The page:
rural development) and not only in sectors for protection of nature. Marijana Juri, Ministry of
Environmental and Nature Protection, Croatia

72% of workshop participants said they could develop future collaborations


after discussions at the workshop
We have learned that in the same area honey is collected by a few other young honey makers
who I can join so that together we can put our honey on the market. Miloje Blagojevi, Beekeepers
association, erdap National Park, Serbia.

For 63% of workshop participants it was the first time they had been asked
about protected area values and benefits
Kurnatari are owners of their land in the national park. After 30 years we have got the chance to
say what we expect of the park and which values are important to us... Miodrag iki, Kurnatura
Association for the Protection of the ownership rights and conservation of original Kornati
archipelago values, Kornati National Park, Croatia.
Where are Dinaric Arc Parks?

FACTSHEET 2014
The Dinaric Arc is a region of south-eastern Europe with a surface of approximately 100,000 km2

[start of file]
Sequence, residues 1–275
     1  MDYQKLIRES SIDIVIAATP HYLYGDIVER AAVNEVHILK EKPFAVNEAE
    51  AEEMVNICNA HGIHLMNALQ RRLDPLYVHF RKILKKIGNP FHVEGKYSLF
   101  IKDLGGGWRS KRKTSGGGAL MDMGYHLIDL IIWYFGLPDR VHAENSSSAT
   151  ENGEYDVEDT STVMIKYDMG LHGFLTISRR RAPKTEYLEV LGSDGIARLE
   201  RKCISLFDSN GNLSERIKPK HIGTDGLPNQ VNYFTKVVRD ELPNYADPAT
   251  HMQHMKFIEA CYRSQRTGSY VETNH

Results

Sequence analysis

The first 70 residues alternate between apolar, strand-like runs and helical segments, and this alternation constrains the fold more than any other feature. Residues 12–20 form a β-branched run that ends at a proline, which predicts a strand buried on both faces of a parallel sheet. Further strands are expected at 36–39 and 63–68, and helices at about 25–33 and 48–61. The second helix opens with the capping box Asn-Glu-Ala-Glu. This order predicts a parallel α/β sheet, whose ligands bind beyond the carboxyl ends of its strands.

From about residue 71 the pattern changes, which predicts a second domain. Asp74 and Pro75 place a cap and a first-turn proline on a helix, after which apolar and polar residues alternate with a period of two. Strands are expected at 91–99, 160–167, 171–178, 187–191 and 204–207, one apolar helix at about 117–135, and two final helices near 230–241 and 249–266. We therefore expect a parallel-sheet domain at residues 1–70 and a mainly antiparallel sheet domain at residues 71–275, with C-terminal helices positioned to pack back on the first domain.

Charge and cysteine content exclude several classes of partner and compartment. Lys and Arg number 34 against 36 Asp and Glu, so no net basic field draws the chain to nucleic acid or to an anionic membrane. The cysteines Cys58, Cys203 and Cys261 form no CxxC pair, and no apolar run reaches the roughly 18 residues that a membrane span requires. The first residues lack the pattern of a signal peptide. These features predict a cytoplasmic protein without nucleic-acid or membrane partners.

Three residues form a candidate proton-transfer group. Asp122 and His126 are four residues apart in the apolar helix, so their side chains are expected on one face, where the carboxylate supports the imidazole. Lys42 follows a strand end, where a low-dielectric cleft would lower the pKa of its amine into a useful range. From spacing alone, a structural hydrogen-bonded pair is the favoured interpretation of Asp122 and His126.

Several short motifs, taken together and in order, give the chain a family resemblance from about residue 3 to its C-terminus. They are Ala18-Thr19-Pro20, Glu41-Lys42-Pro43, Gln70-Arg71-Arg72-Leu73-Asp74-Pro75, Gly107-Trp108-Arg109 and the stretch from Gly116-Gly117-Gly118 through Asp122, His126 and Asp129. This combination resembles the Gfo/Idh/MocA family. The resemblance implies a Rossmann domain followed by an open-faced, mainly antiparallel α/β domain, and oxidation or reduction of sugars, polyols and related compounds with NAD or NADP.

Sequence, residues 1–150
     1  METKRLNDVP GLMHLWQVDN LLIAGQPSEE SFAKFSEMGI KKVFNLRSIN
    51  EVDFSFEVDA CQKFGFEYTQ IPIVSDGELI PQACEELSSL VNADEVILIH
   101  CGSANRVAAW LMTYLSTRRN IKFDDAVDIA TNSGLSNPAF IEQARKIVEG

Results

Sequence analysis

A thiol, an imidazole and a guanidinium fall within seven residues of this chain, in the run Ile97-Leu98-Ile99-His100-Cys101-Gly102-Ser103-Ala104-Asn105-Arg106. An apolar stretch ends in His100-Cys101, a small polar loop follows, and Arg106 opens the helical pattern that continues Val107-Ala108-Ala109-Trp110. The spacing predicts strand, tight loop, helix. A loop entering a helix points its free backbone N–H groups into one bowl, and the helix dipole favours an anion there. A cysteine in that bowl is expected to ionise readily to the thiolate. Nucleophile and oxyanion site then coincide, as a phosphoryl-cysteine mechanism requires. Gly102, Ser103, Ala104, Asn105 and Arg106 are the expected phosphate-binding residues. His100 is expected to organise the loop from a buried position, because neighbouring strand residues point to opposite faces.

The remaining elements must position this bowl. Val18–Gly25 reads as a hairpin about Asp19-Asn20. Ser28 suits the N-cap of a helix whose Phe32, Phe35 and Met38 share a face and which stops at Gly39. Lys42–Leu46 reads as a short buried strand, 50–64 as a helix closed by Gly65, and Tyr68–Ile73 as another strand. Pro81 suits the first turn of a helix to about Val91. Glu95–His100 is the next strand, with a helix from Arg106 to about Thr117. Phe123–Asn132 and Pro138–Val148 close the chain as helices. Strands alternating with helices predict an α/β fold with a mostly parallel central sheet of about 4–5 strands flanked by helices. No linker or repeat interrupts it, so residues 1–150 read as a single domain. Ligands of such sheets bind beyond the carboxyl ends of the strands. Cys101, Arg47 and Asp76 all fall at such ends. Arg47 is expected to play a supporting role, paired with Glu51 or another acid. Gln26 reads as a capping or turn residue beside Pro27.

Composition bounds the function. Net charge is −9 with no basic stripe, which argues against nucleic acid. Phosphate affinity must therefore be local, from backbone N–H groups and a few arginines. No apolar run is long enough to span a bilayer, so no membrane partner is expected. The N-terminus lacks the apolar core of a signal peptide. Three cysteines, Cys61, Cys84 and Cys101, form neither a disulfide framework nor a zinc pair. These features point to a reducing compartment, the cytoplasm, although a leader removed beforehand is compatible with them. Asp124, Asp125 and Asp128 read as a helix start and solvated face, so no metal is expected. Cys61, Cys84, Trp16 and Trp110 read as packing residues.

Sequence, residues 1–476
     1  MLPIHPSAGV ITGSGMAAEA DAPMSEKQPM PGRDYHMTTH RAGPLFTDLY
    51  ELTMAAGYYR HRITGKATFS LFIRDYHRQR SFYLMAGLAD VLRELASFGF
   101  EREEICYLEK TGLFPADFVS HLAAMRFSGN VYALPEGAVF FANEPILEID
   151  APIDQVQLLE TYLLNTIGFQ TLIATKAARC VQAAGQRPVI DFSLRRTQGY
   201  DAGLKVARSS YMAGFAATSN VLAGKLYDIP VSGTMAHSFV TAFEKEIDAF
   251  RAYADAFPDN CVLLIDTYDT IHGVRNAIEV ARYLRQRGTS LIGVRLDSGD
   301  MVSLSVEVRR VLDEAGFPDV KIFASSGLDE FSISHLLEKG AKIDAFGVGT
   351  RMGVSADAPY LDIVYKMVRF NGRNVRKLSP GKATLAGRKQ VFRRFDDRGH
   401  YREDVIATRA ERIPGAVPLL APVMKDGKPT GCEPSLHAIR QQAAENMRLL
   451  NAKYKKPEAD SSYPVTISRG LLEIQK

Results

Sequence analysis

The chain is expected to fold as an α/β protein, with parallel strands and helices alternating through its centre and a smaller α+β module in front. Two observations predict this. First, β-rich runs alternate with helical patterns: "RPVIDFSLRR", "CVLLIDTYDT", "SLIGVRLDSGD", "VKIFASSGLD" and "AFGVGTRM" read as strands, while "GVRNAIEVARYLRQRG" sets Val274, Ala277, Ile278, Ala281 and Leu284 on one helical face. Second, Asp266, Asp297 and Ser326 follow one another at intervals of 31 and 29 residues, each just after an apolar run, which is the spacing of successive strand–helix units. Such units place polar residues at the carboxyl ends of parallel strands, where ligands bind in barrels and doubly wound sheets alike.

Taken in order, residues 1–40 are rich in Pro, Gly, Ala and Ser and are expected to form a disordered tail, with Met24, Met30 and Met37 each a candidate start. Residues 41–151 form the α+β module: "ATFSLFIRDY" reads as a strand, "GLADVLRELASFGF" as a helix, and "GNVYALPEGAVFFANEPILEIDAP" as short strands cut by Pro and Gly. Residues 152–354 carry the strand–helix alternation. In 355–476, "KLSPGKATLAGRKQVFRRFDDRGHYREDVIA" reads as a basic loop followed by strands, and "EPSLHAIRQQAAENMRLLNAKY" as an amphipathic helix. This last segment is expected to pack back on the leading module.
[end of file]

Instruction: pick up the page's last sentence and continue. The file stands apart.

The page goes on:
and more than 6,000 km of coastline, encompassing the whole region facing the eastern Adriatic Sea,
from Slovenia to Albania. It includes portions of the following countries: Slovenia, Croatia, Bosnia
and Herzegovina, Serbia, Kosovo*, Macedonia, Montenegro, and Albania. Regions biodiversity is of
outstanding global importance and is recognized as such in the WWF Global Priority framework.
*This designation is without prejudice to positions on status, and is in line with UNSCR 1244/99 and the IJC opinion on
the Kosovo declaration of independence

DINARIC ARC THE WORLD UNDISCOVERED. A UNIQUE AREA WHERE:


BIODIVERSITY IS RICH A EUROPEAN HOTSPOT WITH OVER 5,000 ENDEMIC SPECIES
NATURAL FORESTS COVER THE LARGEST AREA OF EUROPE OUTSIDE THE BOREAL REGION
LARGE AREAS OF PRESERVED FLOOD PLAINS AND FREE-FLOWING RIVERS STILL EXIST
UNIQUE LARGE-SCALE KARST LIMESTONE LANDSCAPES ARE FOUND
TRADITIONAL LAND USES AND AGRICULTURAL SYSTEMS PERSIST

For more information please contact:


MED

Why we are here


RL To stop the degradation of the planets natural environment and
Andrea tefan WWF Mediterranean tel: +385 1 5509 623
to build a future in which humans live in harmony and nature.
Programme Office astefan@wwf.panda.org
WWW.PANDA.ORG

Kranjevieva 5 croatia.panda.org
10000 Zagreb, Croatia www. discoverdinarides/PABAT

Why we are here


To stop the degradation of the planets natural environment and
gular to build a future in which humans live in harmony with nature.

www.discoverdinarides.com

NOVEMBER 2014, WWF, DINARIC ARC PARKS PROJECT, WWF MEDITERRANEAN PROGRAMME, ZAGREB, CROATIA.